In the Crucifixion panel of St. Philip’s Cathedral in Birmingham, Edward Burne-Jones and William Morris sought to match the monumentality of the theology with an ambitious artistic composition. To achieve the full potential of stained glass against the eastern sunlight, they wanted a multiplicity of figures. There are more than thirty. In the foreground are the mourning friends of Jesus. St. John is the only apostle present; the others have either fled, or, in the case of Judas, betrayed Christ. St. John looks upward towards Jesus from one side of the cross, while Mary the mother of Jesus, Mary’s sister, and Mary of Cleopas look upward from the other. Mary Magdalene kneels at the foot of the cross, weeping in anguish.
Compositionally, she anchors the bottom of the scene, balancing the upward gazes of the other figures. Unlike the depiction of the Roman soldiers and the other onlookers, colors abound in this group. Notice the lush green in St. John’s garment.
The wonderful photos of Seraphim Press capture not only the beautiful blues and purple of the group on the left, but also the delicate folds in their headdresses.
Whereas in the Nativity the color red radiated from the angels, in the Crucifixion the color assumes a more sinister connotation, emanating from the robes, helmets and banners of the Roman soldiers overseeing the execution. Positioned in the midground, they display a variety of emotions. Longinus seems determined as he prepares to pierce the side of Jesus to see if he is dead.
Two soldiers on the left, however, converse more solemnly about what they are witnessing.
Finally, in the background, onlookers with white headdresses observe the Crucifixion.
As I discussed previously, the vertical nature of ecclesial stained glass windows presents a compositional challenge. In the Nativity, Burne-Jones simply constructed two scenes, one on top of the other. In the Crucifixion, the cityscape of Jerusalem creates a visual line separating the multitude from the central figure of Christ on the cross. Filling the space beside him are the red banners of the Roman soldiers.
There are some details worth exploring. Consistent with the pre-Raphaelite interest in Nature, the grain of the wood is meticulously rendered. On close inspection, the meager loincloth is decorated with an elegant foliate pattern.
Note the irregular dimensions of the blue glass panes forming the sky. A mosaic effect has been created. The clouds are in some ways similar to the sixth century apse mosaic of the Church of Saints Cosmas and Damien in Rome. Burne-Jones would have undoubtedly become familiar with this image in preparation for the design of the apse mosaic of Saint Paul within the Walls, the first Protestant church in Rome, which was completed in 1880. One wonderful aspect of pre-Raphaelite art is the creative interplay between various media – painting, furniture, textiles, glass, mosaics, book printing and even wallpaper.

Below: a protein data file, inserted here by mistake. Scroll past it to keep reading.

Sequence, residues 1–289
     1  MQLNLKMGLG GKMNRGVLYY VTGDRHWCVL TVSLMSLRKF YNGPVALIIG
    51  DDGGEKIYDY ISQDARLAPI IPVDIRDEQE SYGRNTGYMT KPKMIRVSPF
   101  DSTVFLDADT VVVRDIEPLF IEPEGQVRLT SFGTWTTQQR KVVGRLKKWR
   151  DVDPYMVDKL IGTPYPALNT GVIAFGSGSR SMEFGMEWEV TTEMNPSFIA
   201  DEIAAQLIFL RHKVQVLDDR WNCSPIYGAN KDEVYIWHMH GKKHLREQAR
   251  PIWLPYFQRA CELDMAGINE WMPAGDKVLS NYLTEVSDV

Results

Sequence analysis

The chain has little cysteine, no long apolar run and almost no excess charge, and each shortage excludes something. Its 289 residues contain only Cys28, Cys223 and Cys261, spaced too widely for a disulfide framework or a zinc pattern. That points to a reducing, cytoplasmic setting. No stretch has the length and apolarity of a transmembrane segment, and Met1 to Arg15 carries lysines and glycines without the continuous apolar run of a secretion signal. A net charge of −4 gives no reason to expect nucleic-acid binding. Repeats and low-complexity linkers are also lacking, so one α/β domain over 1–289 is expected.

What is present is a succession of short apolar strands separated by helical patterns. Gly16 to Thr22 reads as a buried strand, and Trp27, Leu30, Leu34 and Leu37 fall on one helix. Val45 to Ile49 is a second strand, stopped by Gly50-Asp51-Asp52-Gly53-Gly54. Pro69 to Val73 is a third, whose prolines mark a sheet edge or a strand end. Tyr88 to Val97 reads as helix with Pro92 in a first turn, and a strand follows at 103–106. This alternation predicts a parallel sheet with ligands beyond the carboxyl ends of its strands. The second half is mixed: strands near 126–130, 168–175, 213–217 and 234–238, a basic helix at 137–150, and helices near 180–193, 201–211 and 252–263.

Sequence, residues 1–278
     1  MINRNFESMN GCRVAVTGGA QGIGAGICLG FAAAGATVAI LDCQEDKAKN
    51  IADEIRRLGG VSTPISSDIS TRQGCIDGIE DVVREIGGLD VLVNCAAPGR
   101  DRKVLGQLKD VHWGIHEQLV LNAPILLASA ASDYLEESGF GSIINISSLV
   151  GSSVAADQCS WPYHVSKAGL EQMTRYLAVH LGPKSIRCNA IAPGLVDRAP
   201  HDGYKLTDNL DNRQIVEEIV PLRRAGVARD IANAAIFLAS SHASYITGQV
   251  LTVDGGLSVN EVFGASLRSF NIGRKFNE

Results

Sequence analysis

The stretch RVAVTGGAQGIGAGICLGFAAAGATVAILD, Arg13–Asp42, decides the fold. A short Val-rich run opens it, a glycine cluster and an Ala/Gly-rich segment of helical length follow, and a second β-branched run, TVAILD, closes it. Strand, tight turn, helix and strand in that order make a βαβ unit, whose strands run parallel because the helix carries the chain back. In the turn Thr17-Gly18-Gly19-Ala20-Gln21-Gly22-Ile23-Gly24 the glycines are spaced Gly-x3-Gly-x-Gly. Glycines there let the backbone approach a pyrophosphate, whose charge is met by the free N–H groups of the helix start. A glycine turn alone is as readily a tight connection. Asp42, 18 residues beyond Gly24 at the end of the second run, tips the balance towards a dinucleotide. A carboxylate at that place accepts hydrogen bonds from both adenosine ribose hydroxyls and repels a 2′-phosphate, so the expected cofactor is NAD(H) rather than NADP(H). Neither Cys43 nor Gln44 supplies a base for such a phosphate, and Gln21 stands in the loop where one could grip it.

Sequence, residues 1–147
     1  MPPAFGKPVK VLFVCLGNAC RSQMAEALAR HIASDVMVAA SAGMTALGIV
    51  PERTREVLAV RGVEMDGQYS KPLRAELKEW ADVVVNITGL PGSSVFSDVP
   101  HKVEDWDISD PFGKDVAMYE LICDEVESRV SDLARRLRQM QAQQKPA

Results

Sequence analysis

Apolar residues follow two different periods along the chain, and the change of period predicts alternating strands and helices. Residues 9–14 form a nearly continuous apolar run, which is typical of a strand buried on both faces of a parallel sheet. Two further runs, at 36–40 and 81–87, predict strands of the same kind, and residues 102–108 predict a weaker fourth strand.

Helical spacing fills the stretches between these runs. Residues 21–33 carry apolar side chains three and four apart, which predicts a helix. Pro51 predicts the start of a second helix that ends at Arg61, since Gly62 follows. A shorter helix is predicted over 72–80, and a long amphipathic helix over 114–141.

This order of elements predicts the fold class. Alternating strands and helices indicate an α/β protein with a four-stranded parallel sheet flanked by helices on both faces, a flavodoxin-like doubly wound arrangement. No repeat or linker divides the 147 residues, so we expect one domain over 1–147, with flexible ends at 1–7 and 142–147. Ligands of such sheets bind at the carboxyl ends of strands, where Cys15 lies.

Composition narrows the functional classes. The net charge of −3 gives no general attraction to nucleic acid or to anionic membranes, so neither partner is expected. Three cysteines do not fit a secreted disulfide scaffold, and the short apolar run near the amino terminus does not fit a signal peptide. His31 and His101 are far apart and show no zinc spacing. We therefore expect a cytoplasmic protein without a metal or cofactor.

One curious attribute of the figure of Christ: there is no trace of blood from the crowning of thorns, the nailing to the cross or the Flagellation. There is no theological significance to this omission; it was simply a condition of the patron commissioning the stained glass. A series of letters between the architect Julius Alfred Chatwin, the eccentric patron, Ms. Emma Chadwick Villiers-Wilkes, and William Morris reveals a somewhat dysfunctional, albeit humorous, process for deciding aspects of the composition. The somewhat imperious Villiers-Wilkes would make her wishes known to Chatwin, who would sanitize them in his letters to Morris, who would in turn raise Burne-Jones’s objections to Chatwin, who was then left to resolve these issues with Villiers-Wilkes. In addition to her prohibition of any sort of “Cattle-Show” in the Nativity, Villiers-Wilkes wrote to Chatwin on November 27, 1886 that she wanted the Crucifixion “to be as little dreadful looking as possible…[I will] leave it to Mr. Burne-Jones who I feel confident will not treat it like the ordinary dreadful looking prints I always see.” (2)
There is one final detail that deserves closer attention. Amongst the thirty figures witnessing Christ’s death is a balding man with an angular forehead. He is aging and has a small well-trimmed beard – quite different from the bushier unkempt beards of the other onlookers. He wears neither a headdress nor the helmet of a Roman soldier. He looks upward solemnly at the figure of Christ.